Most of us think little about the state of our feet. They only come to mind when we want to accesorise them and make them look attractive.
However, the feet can tell a lot about one’s general wellbeing. They usually carry subtle signs which can be an indicator of underlying health issues.
In the majority of case, poor hygiene is the major culprit. However, there are people who wash their feet daily and still get foul odour from their feet by the end of the day.
Usually, the issue is related to moisture and bacteria.
Feet may become moist in people who sweat excessively, wear socks that do not absorb sweat or in people who fail to dry their feet properly before putting on socks.
The key to eliminating foot odour is to keep feet dry at all times. Wear cotton socks and never wear the same shoe or socks two days in a row.
If you notice that the odour only occurs when you wear a particular shoe, throw it away.
Take off your shoes and socks and walk around the house bare feet. Always wipe between toes after washing your feet. If the odour problem is excessive, visit your doctor.
This is a common problem which can occur after prolonged standing, long haul flights and in pregnancy.
For most pregnant women it does indicate a medical problem but all expectant mothers with swollen feet must be assessed for high blood pressure which may complicate the pregnancy.
Swollen feet may be a sign of poor circulation, kidney, heart, thyroid or liver problems. Hormonal contraceptive use may also be associated with swollen feet.
BURNING FEET AND ‘PINS AND NEEDLES’
Persistent or recurrent burning sensation in the feet is a sign of nerve damage. Nerve problems may also be manifested as persistent ‘pins and needles’ (sensation of being repeatedly pricked). This is particularly common in diabetics.
It can also be caused by vitamin B deficiency, thyroid problems, kidney disease and poor blood circulation in the legs and feet.
Feet can sometimes feel cold even if the surrounding environment is warm. Common culprits causing this are poor blood circulation, uncontrolled diabetes (due to nerve damage), and thyroid problems.
The most common cause of foot pain is inappropriate foot wear. For women, spending prolonged periods in high heels (especially on a daily basis) is the most common culprit.
It is, therefore, essential to alternate the type of shoe you wear and avoid using high heels daily (especially if you have to walk a lot).
People who exercise intensely for long hours (doing exercises that put high impact on the foot like running, and marching among soldiers) may get a crack in the bones of their feet. This crack or ‘stress fracture’ may go unnoticed for weeks.
People with weaker bones (due to osteoporosis which can occur in both men and women over 50 years) are particularly prone to fractures.
When the pain is localised to the heel, the most likely problem is ‘plantar fascitis’. This is a medical condition where the soft tissues attached to the heel become inflammed, painful and swollen.
The pain is usually worst when you put pressure on the foot after resting it for a prolonged period.
Sometimes the bone at the heel may get a sharp protrusion known as a ‘spur’ which can result in severe pain as well. Other causes of heel pain are bone infections, arthritis and poor footwear.
PAINFUL BIG TOE
In our set up, the most notorious cause of a painful big toe is gout. Other forms of arthritis and their complications can cause painful toes, Athletes can also get soft tissue injury which can lead to persistent pain.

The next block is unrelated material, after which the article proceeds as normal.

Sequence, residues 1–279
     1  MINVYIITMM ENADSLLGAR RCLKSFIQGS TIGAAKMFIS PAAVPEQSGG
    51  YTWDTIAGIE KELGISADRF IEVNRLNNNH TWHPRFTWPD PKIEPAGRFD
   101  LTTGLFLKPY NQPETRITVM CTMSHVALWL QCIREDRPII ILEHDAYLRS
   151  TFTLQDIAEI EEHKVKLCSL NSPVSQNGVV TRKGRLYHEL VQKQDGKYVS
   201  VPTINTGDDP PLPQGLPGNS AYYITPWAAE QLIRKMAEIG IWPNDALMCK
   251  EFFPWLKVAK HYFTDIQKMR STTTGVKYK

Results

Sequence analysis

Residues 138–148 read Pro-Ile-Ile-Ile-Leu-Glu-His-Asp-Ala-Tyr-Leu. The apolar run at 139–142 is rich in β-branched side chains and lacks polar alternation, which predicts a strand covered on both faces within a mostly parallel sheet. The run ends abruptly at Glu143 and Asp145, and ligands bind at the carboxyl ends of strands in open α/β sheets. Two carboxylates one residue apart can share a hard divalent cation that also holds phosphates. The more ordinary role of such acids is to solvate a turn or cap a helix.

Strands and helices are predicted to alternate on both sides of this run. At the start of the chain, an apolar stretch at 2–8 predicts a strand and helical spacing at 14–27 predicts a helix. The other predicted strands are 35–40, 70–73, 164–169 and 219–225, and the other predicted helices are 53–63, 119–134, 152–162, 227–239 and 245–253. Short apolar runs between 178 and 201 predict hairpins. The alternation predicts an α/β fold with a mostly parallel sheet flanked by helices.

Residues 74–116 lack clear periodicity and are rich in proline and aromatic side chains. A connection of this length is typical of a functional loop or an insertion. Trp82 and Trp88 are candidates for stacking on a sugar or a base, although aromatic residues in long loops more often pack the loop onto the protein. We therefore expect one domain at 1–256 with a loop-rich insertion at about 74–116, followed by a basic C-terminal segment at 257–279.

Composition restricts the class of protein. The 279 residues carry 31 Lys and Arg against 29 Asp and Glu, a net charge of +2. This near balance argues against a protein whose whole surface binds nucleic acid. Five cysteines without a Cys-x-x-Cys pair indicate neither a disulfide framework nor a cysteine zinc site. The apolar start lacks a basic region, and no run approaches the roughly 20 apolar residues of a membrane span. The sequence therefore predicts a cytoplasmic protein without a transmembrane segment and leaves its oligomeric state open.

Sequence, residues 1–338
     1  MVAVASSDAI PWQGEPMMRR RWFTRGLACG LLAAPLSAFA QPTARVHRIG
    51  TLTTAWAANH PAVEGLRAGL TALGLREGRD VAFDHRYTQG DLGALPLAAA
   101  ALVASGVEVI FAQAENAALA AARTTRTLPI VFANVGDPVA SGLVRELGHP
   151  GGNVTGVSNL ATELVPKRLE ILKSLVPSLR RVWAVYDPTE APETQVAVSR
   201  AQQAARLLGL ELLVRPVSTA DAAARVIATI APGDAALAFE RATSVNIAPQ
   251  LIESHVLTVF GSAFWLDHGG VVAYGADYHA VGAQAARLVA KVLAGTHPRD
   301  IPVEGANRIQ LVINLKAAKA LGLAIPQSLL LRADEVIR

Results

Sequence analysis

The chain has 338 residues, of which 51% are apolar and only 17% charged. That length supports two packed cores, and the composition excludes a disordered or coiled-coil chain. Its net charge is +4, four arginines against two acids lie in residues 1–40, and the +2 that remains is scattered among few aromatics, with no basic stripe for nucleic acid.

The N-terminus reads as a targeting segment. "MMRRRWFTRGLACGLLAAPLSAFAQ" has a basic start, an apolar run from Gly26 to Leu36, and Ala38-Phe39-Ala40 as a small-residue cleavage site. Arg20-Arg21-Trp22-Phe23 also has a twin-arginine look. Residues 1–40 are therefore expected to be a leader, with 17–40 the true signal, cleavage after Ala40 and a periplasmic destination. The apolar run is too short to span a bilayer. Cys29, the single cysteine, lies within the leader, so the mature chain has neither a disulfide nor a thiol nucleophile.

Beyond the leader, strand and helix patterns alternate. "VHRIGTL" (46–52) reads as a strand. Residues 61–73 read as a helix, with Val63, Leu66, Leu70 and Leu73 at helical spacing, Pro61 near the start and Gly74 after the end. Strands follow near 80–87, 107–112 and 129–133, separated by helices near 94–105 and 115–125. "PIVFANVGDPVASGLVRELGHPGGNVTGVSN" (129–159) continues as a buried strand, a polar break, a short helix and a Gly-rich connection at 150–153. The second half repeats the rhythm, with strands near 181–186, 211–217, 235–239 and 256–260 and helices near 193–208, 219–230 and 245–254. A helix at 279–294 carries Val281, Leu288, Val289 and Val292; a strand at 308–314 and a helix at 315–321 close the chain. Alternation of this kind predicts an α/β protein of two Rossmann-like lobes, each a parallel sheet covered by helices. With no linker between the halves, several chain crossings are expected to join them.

DRAGGING YOUR FEET
Dragging of feet in most cases is a sign of nerve damage. It can occur in Parkinson’s disease, diabetics with nerve damage, alcoholics and after injury to the back. Dragging of the foot on one side is usually a sign of a stroke.
WOUNDS THAT DO NOT HEAL
This is particularly common in diabetes (especially if it has been poorly controlled). These wounds are also particularly dangerous as they can get infected and cause the foot to ‘rot’.
The problem with diabetics is that they usually get nerve damage which impairs sensation. They also have poor circulation in their feet which impairs the healing of the wound.
For this reason, small wounds can slowly become deep if not quickly attended to.
The most common cause of itchy feet (especially between the toes) is athlete’s foot.
This is a type of fungal infection which is more common in people who are not able to keep the area between their toes dry.
Another cause of itchy feet is irritation from skin products or even fabric or jewellery.
Sometimes one may experience a foot cramp or muscle spasm as a result of over-exertion and fatigue of the muscles of the foot. These cramps usually disappear with rest.
However, recurrent foot cramps may be an indication of underlying problems such as poor circulation, dehydration, or salt and vitamin imbalances.
DARK SPOT ON THE FOOT
Most Kenyans have stereotyped skin cancer as a disease of ‘Caucasians who expose themselves to excessive sunshine’. This is, however, not true.
Skin cancer ,in particular, melanoma, the most dangerous one can affect places which are not usually exposed to the sun such as the soles of our feet.
It usually starts off as a dark spot which progressively enlarges. It can also appear as a black spot beneath the nails.
TOE NAIL CHANGES
A fungal infection often causes thickened yellow toenails. Iron deficiency can also cause your toenails to look like spoons. White nails may be a feature of alcoholic complications such as liver disease.
Nails also appear white if they are injured or infected. Using nail polish without a suitable undercoat can discolour your nails and give them an unsightly brownish colour.
If you are concerned about some of the issues raised here, talk to your doctor about it. He/she will assess your feet and decide if there is something that needs further investigation or treatment.
This article first appeared in the Business Daily